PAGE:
Japan Geoscience Union Meeting 2018

Presentation information

[JJ] Oral

A (Atmospheric and Hydrospheric Sciences) » A-CC Cryospheric Sciences & Cold District Environment

[A-CC29] Ice cores and paleoenvironmental modeling

Tue. May 22, 2018 3:30 PM - 5:00 PM 201A (2F International Conference Hall, Makuhari Messe)

convener:Ryu Uemura(University of the Ryukyus), Kenji Kawamura(National Institute of Polar Research, Research Organization of Information and Systems), Ayako Abe-Ouchi(東京大学大気海洋研究所, 共同), Nozomu Takeuchi(Chiba University), Chairperson:Iizuka Yoshinori(北海道大学), Nakazawa Fumio(国立極地研究所)

3:45 PM - 4:00 PM

[ACC29-14] The 40-kyr glacial cycles in the Early Pleistocene (~1.6-1.2Ma): Roles of precession, eccentricity, and obliquity

*Yasuto Watanabe1, Ayako Abe-Ouchi1,2,3, Fuyuki SAITO2, Kanon Kino3 (1.The University of Tokyo, 2.JAMSTEC, 3.AORI)

Keywords:Glacial Cycles, Orbital Parameters, Ice Sheet

The long-term climate change in the Quaternary Period is characterized by the glacial cycles. In the Late Pleistocene, the glacial cycles are characterized by the 100-kyr cycles with asymmetric shape and large amplitude (e.g. Lisiecki and Raymo, 2005). In the Early Pleistocene, on the other hand, the dominant periodicity of the glacial cycles is 40-kyr and the pattern of the ice-sheet evolution is characterized by relatively weak asymmetric shape and small amplitude compared with the late Pleistocene (e.g. Lisiecki and Raymo, 2005). According to the classical Milankovitch theory (Milankovitch, 1941), the 20-kyr variation of precession plays an important role in driving the glacial cycles. The 20-kyr variation of precession has a central role in setting the timing of each deglaciation (e.g. Raymo, 1997; Abe-Ouchi et al., 2013), while combined effect of obliquity and precession is important as a pacemaker of glacial cycles in the Late Pleistocene (e.g. Huybers, 2011). In the Early Pleistocene, however, only weak variance in the d18O proxy record has been observed at the dominant periodicity of precession (Raymo et al., 2006), partly due to the lack of the resolution for precession (Lisiecki, 2010a; Huybers, 2011). For this reason, the role of precession in the Early Pleistocene is still unclear.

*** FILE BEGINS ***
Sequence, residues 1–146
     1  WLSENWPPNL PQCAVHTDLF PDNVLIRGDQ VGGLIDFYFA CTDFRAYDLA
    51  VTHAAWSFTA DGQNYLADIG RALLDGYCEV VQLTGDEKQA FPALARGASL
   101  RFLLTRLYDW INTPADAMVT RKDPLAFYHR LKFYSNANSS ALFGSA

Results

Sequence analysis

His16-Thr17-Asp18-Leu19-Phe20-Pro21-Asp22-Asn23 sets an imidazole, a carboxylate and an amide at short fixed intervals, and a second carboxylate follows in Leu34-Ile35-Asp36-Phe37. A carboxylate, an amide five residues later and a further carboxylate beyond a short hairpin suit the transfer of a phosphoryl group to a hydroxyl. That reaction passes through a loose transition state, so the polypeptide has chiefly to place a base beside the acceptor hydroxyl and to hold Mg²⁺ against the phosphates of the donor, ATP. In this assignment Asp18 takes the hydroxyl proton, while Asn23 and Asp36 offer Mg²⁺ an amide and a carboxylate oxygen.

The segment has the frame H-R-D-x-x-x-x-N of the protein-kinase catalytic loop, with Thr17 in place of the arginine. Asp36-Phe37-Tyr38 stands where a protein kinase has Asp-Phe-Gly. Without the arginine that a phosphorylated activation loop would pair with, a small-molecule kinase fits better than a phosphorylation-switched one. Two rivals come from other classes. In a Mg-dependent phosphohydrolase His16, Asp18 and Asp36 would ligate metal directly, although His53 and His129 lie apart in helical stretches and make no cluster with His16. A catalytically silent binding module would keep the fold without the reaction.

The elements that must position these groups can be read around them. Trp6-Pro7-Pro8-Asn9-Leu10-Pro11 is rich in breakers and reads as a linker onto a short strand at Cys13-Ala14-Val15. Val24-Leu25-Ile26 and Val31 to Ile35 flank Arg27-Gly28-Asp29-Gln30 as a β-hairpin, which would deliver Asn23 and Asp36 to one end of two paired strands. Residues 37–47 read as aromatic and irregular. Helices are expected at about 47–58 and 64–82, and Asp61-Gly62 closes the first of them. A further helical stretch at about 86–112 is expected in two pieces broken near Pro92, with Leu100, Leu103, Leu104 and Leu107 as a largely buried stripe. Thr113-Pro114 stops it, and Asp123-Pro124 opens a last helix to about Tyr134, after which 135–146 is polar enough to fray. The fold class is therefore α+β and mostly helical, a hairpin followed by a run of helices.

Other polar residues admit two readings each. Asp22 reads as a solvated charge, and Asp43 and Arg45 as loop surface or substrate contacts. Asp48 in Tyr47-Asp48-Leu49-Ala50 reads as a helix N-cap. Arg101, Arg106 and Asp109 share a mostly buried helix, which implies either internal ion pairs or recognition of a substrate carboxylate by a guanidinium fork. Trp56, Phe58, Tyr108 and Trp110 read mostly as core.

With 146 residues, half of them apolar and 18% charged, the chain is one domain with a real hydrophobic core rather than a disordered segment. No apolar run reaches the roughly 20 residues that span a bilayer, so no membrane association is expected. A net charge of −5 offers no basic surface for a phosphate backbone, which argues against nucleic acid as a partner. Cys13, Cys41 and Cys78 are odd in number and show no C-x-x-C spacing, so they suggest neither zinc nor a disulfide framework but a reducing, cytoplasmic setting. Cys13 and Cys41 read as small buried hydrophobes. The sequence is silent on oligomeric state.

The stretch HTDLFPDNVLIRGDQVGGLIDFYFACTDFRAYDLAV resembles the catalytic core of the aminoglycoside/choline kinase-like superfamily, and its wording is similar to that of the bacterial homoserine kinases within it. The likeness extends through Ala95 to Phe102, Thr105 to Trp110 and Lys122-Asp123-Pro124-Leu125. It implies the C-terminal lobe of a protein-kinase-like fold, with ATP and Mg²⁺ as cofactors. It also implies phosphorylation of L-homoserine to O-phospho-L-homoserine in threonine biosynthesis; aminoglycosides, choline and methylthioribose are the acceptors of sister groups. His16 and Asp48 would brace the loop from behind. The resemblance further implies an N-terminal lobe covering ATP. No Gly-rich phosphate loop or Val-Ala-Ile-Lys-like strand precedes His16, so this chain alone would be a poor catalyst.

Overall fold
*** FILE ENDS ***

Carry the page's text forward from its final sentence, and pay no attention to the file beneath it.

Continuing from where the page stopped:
In our presentation last year, we simulated the 40-kyr cycles in the Early Pleistocene (~1.6-1.2 Ma) and explained the formation mechanism using a three-dimensional ice sheet model IcIES with climate parameterization based on MIROC (IcIES-MIROC; Abe-Ouchi et al., 2013). In this presentation, we compare the typical 40-kyr cycle with the typical 100-kyr cycle and focus on the role of the 20-kyr variation of precession in the Early Pleistocene. We show that precession is important in (1) determining the timing of the threshold for deglaciations, (2) making the deglaciation usually faster than the glaciation, (3) sometimes forming thin but extensive ice-sheet at the glacial maximum, which waxes and wanes in one precession cycle, and (4) shaping the time-series of the ice-volume, such as ‘pulse-like’, ‘U-shaped’, and ‘saw-toothed’ patterns in the early Pleistocene, which is consistent with the proxy record (e.g. Lisiecki and Raymo, 2005; Hodell and Channell, 2016).

We further infer that the relatively high 100-kyr power of eccentricity in our experiment period (Lisiecki, 2010a) helped form the 40-kyr glacial cycles. This allows the 40-kyr variation of obliquity to assist the deglaciation even when eccentricity is small, and this makes the 40-kyr cycles in the experiment period (~1.6-1.2 Ma) clear.